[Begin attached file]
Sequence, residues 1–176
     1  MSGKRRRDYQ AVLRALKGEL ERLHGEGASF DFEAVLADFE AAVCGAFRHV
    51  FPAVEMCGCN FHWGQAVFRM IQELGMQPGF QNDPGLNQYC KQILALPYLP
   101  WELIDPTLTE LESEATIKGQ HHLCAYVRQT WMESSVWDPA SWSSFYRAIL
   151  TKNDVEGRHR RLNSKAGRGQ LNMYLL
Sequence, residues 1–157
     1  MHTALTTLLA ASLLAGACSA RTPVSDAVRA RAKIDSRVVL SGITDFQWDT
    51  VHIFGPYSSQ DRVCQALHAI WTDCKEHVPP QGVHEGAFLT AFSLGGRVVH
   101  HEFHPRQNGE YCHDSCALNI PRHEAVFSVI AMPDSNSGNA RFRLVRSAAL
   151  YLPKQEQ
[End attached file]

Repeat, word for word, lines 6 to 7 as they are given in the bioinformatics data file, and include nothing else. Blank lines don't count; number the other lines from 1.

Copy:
Sequence, residues 1–157
     1  MHTALTTLLA ASLLAGACSA RTPVSDAVRA RAKIDSRVVL SGITDFQWDT